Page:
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FWP proposes expanding wolf hunting
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FWP proposes expanding wolf hunting

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Montana Fish, Wildlife and Parks proposes to extend the wolf hunting and trapping seasons in northwestern Montana.

The agency is currently setting hunting seasons for the 2020-2021 biennium. Its Region One office, which covers Lincoln, Flathead, Sanders and Lake Counties, announced the proposals in a press release Wednesday. If approved by the rule-making Fish and Wildlife Commission, they would:

  • Extend the general hunting season from Sept. 15-March 15 to Aug. 15-March 31.
  • Extend the trapping season’s end date from Feb. 28 to March 15.
  • Increase the individual limit from five wolves per person to 10.

Outside Region One, Fish, Wildlife and Parks also aims to maintain the quotas in Wolf Management Units 313 and 316, just north of Yellowstone National Park, at two each. An earlier version of their proposal would have dropped that to one each.

During a public-comment period on the hunting season that ran from Dec. 5 to Jan. 27, “we heard from a substantial number of people attending the public meetings throughout northwest Montana who requested additional opportunity for wolves,” said Neil Anderson, the agency’s regional wildlife manager, in a statement.

The minimum count of wolves in Montana has increased from less than 100 in 1998 to over 600 in 2017, according to FWP. Models indicate the total population may have reached 800 or higher in 2018. Montana’s wolves were removed from Endangered Species Act protections and placed under state management in 2011. Hunters and trappers harvested 254 wolves statewide in 2017.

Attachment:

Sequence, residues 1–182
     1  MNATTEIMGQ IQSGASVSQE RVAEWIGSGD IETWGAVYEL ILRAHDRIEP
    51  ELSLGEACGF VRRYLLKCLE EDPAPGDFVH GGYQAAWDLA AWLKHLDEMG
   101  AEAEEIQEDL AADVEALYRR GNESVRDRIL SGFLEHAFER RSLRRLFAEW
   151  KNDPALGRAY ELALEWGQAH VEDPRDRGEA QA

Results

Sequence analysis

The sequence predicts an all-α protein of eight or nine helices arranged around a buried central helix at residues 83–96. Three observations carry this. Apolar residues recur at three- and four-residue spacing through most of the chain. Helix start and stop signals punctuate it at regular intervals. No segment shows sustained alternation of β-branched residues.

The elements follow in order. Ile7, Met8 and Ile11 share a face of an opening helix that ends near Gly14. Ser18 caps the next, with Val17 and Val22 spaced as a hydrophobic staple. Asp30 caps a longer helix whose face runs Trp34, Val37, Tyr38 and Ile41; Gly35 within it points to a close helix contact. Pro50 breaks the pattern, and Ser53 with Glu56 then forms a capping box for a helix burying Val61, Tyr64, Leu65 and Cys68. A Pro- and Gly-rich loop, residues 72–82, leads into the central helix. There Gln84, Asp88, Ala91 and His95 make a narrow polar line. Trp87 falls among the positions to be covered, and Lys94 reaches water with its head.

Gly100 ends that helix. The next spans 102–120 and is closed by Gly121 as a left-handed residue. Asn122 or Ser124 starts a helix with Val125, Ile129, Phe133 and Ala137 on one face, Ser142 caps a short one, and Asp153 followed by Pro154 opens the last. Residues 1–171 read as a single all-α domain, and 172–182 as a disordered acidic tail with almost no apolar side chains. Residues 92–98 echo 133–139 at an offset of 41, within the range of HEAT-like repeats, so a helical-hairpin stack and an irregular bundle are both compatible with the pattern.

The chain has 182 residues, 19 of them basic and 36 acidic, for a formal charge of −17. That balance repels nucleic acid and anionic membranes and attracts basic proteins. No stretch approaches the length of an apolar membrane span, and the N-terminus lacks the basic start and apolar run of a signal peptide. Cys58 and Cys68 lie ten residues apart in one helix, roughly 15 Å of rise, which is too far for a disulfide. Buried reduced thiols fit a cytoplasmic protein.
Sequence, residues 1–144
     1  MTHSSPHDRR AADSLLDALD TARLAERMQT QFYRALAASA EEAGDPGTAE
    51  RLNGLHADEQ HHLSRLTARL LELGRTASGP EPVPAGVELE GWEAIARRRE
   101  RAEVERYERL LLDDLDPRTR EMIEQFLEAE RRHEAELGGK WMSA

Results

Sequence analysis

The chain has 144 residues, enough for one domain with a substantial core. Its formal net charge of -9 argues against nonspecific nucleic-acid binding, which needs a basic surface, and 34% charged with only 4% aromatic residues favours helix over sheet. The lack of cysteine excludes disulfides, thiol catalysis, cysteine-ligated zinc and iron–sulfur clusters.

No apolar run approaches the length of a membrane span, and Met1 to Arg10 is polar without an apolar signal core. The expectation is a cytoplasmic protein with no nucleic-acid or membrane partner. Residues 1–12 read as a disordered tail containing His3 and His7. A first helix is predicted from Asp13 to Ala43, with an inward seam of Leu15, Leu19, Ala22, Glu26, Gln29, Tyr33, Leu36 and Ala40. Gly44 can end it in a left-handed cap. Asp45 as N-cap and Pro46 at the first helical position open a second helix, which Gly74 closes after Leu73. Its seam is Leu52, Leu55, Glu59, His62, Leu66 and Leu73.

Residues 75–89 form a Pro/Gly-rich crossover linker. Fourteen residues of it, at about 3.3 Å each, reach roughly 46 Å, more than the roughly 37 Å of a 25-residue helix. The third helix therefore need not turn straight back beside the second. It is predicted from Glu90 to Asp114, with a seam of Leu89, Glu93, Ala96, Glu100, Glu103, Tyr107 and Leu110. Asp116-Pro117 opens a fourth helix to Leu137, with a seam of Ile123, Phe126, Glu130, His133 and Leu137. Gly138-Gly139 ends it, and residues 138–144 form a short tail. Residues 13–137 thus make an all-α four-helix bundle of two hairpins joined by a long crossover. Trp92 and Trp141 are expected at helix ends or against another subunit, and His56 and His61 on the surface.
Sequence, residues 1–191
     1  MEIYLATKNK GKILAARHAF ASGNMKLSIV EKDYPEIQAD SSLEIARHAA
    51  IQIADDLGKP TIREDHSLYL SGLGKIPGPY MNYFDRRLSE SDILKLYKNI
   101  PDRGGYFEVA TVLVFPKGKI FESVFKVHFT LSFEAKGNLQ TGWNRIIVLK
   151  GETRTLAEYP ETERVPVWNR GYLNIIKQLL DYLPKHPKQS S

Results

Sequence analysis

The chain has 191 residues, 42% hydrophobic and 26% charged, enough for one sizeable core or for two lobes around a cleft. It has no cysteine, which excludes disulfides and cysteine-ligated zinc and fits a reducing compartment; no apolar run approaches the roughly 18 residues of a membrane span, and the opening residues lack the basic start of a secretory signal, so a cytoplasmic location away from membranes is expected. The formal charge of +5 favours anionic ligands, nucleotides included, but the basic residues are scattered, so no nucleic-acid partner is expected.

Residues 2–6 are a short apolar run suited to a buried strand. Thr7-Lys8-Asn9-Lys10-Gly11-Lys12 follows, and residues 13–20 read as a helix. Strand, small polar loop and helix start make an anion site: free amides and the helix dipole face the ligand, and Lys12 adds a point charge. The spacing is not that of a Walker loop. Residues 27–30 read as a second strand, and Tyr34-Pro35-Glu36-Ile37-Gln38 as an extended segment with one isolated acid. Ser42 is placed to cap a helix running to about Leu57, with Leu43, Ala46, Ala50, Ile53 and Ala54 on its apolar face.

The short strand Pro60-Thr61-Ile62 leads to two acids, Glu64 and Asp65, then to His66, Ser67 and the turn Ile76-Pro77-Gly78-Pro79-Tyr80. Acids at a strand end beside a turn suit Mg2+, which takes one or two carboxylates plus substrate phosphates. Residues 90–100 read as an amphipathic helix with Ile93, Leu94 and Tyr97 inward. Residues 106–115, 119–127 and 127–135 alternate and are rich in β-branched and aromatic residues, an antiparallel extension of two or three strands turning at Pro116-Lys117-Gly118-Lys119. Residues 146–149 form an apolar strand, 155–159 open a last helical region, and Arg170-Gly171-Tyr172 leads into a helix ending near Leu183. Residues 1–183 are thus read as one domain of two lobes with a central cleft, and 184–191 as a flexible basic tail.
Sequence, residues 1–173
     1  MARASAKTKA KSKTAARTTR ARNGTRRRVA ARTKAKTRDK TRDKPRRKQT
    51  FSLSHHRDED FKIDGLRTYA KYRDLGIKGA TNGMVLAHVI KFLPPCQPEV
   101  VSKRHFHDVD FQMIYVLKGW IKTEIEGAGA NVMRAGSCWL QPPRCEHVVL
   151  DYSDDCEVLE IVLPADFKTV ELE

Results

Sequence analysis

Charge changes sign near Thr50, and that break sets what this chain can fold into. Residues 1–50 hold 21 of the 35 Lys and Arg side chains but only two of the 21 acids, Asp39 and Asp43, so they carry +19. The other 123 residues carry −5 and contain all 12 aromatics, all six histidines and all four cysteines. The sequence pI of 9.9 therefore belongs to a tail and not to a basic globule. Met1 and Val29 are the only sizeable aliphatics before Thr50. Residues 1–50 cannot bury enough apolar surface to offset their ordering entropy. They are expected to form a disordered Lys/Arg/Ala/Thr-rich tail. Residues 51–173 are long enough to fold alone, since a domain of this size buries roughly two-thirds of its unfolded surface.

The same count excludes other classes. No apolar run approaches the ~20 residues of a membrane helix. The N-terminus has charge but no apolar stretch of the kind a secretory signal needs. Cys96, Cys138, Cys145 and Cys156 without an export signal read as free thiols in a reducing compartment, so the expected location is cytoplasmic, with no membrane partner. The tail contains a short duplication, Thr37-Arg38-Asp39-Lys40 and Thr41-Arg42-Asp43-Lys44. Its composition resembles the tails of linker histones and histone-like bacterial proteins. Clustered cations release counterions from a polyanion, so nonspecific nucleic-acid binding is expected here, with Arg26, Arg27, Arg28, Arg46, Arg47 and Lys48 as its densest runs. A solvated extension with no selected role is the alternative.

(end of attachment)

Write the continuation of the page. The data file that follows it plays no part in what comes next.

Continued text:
“We would be very supportive of those expanded seasons and larger amount of take,” said Blake Henning, the Rocky Mountain Elk Foundation’s chief conservation officer. He said that the hunting and conservation group’s members “would support these additional opportunities, and we want to support our members.”

Wolf management has long been a controversial topic in Montana, with hunters calling for more hunting opportunities out of concern for deer and elk numbers, and some environmental groups opposing these measures and calling on the state to protect wolves and their place in the ecosystem.

“The Kalispell area ... every year, is hammered. They kill a ton of wolves up that way,” said Marc Cooke, president of Stevensville-based group Wolves of the Rockies. In 2017, FWP recorded 84 wolves killed in Region One. “There are so many positives that wolves bring to the table ... that the only thing I can say is that the department is mismanaging an asset that is on the ground 24/7 in the state.”

Sarah McMillan, conservation director at WildEarth Guardians’ Missoula office, wrote in an emailed statement that “Guardians opposes the hunting of wolves and all trapping,” and predicted that “Increasing the general season by six weeks and the trapping season by two weeks will result in more inhumane and pointless killing of wolves.”

The Fish and Wildlife Commission will hear a presentation on the rules at its February 13 meeting in Helena, which will be live-streamed to all regional Fish, Wildlife and Parks offices. The agency plans to recommend extending the comment period for these rules through March 16, and for the commission to hold a vote on adoption at its June meeting. For the meeting agenda and draft proposal, visit fwp.mt.gov and under “Quick Links” click “Commission.”

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